AME Bicentennial Illustrations

Illustrations for the African Methodist Episcopal Church Bicentennial Social Justice Forum.

8 April 2016 marks exactly 200 hundred years since the first General Conference of the African Methodist Episcopal Church was called into session and one of the oldest historically Black churches in the United States was founded – its incorporation confirmed by the gathering of five congregations and the election and consecration of Bishop Richard Allen.  This gathering marked a culmination and continuation of an ecumenical struggle for justice since Allen’s and Absalom Jones’s principled departure from St. George’s Methodist Episcopal Church and the establishment of the Free African Society in 1787 with the help of Philadelphia’s Quakers amidst social challenges such as the Transatlantic Slave Trade, the Yellow Fever Epidemic, women called into ministry and full status in church and society, and, generally, Black churches in a burgeoning America.  In different ways and at different paces, these social challenges became opportunities for social witness.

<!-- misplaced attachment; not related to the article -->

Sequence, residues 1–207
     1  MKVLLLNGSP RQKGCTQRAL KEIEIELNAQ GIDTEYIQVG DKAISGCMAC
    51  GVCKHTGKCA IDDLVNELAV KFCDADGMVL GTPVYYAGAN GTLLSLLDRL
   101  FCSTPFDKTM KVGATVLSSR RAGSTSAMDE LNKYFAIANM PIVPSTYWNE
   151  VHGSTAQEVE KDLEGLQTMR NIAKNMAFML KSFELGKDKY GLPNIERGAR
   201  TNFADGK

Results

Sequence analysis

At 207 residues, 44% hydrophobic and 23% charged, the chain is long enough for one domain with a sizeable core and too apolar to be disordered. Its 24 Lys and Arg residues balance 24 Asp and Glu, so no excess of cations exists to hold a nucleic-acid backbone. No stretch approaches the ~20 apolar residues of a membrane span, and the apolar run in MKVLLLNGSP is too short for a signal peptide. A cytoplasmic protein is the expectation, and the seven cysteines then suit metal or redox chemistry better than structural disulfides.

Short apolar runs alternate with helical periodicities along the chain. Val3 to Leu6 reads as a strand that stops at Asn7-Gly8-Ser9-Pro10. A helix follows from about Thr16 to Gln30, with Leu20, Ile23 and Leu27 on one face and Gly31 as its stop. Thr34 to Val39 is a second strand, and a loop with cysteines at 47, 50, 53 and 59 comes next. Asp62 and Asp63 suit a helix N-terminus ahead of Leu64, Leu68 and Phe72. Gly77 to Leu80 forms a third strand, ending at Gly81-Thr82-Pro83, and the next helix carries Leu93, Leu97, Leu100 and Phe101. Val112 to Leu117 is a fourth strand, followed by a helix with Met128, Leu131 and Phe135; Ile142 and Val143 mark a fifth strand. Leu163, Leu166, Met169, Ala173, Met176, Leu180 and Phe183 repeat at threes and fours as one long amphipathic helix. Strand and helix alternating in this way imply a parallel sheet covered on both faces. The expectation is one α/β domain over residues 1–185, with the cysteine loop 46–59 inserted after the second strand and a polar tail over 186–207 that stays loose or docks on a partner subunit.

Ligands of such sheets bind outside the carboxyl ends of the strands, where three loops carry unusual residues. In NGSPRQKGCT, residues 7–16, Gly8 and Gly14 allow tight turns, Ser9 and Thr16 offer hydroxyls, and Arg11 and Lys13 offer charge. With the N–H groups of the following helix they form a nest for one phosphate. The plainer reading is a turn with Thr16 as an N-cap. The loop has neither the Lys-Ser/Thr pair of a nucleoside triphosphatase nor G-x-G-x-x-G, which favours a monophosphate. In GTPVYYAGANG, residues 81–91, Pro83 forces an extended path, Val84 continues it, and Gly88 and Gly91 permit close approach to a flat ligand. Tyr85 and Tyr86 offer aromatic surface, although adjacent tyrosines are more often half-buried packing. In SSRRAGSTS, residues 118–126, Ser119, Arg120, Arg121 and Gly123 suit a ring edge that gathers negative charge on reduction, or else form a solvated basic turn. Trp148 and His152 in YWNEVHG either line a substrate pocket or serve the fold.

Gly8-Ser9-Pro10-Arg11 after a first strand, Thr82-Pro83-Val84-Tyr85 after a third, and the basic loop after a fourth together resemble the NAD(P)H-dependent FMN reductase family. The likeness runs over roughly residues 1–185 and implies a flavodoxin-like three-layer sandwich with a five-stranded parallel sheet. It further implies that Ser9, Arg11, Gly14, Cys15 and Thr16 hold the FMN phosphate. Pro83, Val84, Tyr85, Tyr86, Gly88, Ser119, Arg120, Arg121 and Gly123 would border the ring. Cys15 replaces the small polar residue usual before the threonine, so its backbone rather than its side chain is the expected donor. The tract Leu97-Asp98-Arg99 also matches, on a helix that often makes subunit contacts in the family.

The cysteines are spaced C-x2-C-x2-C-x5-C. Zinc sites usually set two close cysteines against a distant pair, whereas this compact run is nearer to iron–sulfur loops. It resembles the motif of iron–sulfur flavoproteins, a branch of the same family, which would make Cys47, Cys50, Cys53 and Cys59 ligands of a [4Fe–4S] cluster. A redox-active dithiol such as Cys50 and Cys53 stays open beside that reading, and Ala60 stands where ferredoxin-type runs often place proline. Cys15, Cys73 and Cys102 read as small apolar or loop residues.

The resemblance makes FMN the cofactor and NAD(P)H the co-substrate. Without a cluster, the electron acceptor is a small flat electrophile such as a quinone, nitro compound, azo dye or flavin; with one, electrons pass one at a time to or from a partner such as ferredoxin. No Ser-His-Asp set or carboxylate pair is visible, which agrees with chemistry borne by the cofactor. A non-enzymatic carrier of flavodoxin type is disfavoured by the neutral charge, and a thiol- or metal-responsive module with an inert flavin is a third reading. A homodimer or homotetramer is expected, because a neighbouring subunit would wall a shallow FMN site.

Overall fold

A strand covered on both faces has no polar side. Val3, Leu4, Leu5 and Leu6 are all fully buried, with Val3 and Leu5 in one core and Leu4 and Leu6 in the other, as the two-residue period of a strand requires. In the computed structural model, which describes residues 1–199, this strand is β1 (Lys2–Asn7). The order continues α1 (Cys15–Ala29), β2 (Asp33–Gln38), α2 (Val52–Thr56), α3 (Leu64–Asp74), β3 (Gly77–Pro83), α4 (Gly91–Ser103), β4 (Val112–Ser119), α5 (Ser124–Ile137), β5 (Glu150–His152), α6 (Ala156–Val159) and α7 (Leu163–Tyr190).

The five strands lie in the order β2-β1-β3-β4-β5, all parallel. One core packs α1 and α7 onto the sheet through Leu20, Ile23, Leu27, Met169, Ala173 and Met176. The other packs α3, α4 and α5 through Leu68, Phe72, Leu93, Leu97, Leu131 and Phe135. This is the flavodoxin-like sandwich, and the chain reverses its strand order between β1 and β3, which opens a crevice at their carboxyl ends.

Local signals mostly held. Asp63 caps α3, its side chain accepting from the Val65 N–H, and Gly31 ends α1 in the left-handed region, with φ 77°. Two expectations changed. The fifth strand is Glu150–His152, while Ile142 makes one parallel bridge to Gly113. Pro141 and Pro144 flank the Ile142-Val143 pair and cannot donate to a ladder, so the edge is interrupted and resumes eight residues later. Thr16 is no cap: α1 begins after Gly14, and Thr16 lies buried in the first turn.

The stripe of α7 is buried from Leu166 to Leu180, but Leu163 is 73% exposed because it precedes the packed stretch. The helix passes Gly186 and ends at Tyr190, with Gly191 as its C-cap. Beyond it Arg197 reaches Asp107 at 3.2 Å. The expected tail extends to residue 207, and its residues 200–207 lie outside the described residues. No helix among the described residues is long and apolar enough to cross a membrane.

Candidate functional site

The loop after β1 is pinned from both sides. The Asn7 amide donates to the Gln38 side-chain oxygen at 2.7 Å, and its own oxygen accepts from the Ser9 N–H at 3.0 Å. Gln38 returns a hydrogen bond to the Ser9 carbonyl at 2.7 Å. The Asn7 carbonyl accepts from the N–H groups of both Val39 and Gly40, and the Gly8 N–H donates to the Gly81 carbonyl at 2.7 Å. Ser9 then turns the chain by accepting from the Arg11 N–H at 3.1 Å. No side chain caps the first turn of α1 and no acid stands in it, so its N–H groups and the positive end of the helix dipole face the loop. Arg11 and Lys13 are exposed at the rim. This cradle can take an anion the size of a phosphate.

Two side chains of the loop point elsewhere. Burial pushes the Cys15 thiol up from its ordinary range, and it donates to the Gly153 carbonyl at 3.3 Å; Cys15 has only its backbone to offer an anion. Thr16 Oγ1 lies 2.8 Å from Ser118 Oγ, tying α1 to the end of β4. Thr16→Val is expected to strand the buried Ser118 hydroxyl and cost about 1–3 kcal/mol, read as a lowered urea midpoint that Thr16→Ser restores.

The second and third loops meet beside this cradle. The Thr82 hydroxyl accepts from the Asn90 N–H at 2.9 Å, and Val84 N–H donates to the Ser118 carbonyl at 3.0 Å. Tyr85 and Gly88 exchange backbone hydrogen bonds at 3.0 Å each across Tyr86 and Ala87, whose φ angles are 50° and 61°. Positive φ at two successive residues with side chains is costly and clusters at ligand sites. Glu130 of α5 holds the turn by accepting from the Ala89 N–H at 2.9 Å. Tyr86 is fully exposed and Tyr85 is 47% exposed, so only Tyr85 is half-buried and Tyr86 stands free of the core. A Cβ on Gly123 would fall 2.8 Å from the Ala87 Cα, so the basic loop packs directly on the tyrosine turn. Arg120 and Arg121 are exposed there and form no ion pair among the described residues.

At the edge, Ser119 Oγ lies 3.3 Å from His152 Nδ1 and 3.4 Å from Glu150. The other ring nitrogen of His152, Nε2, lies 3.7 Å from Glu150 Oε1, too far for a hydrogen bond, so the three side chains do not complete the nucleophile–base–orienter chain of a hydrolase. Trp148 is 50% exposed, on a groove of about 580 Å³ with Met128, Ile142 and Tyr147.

I was tremendously honored to be asked by Rev Jennifer Leath to create a series of 4 images for a bicentennial program at the legendary Mothel Bethel Church in Philadelphia (the congregation Bishop Allen founded). My job was to illustrate the four themes to be explored at the conference by speakers Albert Jordy Raboteau, Evelyn Brooks Higginbotham, Dennis Dickerson, Richard Newman, Ruth Wilson Gilmore, Yvette Flunder, M. Jocelyn Elders, Tef Poe, Traci Blackmon, Jamla Rogers, Jamal H. Bryant, William Watley, Monica Coleman, Stephen A. Green, Bettye Collier-Thomas, and Anthea Butler.
Theme 1: The historical challenge of slavery and and the contemporary challenge of mass incarceration
Theme 2: The 1793 Yellow Fever epidemic and 19th Century health crises, and related 21st Century challenges of poverty, race, and illness.
Theme 3: The historical and contemporary call for Black Churches to be focused on social justice agendas and the movements for Black lives.
Theme 4: AME history of women in ministry and contemporary challenges of gender and sexuality facing Black churches including the AME Church
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